Conclusions

This study examined the effect of migrants on OFDI following a double direction approach, embracing two different scenarios: the first one in which immigrants from developing countries to developed countries influence the OFDI from developed countries to developing countries, and the second one, in which emigration from developed countries to developing countries influences OFDI in the same direction; that is, from developed to developing countries. The study also analyses how the direction of migration is related with the firms’ location. The basic principle is that migrants and their networks can reduce transaction costs associated with the OFDI between countries, thus promoting the international flows of capital and influencing on the location decision of those capitals.

The findings suggest a positive relationship in only one of the two scenarios proposed: when migrants from the European Union and North America go to Latin America and this migration promotes OFDI in the same direction, which intrinsically suggests the location of the foreign capitals. There is no significant evidence with respect to immigration and OFDI. This difference on the results could be related with the migration skill level, as previous research shows.

Other explanation suggests that the very presence of networks is not enough to promote the movement of FDI neither its location. It is also important to take in consideration the own features and context of the networks. For this study, the emigrants create an enabling environment for the three dimensions of social networks, relational, cognitive and structural, which is not happening with the immigration. More clearly, emigrants from the European Union and North America in Latin America (ethnic networks) are more important for the OFDI promotion and its location than immigrants from Latin America in the European Union and North America.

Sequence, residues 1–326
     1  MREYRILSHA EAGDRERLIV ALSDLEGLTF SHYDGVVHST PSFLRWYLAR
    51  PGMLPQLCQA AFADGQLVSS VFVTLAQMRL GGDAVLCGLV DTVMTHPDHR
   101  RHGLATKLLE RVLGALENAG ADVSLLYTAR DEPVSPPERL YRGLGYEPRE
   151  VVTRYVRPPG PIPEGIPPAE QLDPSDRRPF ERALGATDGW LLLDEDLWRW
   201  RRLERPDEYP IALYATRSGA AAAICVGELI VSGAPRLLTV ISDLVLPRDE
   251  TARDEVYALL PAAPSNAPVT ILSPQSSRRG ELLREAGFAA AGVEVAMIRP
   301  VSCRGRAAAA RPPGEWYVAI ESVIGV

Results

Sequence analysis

On the basis of the above, this study contributes to the IBs literature in general and to the firms’ internationalization and firms’ location in particular. It also extends the social network theory in the sense that networks are not only related with firms’ expansion abroad but also with their location. For this study, the previous statement is only valid for the case of emigration from the European Union and North America in Latin America and the OFDI location in countries from the latter region. Nevertheless, the results also allow suggesting that this explanation could be useful not only in a North–South direction but also generalizable for other directions (North–North; South–North; and South–South) as long as emigration/networks (ethnic ties) are considered links between the home and the host countries.

Several implications can be drawn from this study. In terms of managerial implications, managers should be aware about networks and emigration, especially when planning to go abroad. As migration from the home country to the host country can be an important and reliable source of information, trust and knowledge, managers should see these international migration/networks as a “bridge” between the home and host countries, which, in turn, can increase their competitive advantage.